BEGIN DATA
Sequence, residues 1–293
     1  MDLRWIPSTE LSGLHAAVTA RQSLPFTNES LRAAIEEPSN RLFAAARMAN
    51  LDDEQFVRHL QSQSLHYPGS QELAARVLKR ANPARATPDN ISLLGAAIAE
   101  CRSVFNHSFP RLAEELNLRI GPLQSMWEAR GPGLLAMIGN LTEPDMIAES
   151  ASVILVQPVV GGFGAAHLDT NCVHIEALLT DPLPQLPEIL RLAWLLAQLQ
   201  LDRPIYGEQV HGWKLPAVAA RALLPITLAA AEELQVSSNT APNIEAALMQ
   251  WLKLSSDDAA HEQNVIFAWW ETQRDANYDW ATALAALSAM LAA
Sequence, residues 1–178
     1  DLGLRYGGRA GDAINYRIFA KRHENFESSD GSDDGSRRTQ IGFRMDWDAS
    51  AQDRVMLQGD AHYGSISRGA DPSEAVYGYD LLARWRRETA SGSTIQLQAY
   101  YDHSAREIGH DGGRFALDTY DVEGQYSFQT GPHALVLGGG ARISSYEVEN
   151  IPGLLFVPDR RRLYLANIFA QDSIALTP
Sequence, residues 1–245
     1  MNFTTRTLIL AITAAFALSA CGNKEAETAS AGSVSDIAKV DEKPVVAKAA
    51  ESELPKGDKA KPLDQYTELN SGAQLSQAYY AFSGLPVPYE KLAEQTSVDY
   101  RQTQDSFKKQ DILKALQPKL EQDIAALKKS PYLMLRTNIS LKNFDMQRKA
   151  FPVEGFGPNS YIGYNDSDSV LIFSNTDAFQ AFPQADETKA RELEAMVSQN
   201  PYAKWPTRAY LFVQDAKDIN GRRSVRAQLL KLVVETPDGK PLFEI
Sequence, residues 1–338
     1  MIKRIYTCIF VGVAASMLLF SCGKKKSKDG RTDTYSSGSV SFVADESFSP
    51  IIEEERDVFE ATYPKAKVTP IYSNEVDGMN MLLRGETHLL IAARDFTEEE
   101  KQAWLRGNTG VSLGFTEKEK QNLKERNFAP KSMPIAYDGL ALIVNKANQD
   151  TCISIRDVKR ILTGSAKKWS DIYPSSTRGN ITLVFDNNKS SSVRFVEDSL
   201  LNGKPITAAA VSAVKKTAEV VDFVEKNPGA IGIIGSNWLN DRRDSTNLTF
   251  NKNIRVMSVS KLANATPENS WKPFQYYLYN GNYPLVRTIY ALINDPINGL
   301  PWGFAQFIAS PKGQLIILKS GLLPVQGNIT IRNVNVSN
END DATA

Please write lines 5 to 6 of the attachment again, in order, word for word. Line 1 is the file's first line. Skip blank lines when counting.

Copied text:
   151  ASVILVQPVV GGFGAAHLDT NCVHIEALLT DPLPQLPEIL RLAWLLAQLQ
   201  LDRPIYGEQV HGWKLPAVAA RALLPITLAA AEELQVSSNT APNIEAALMQ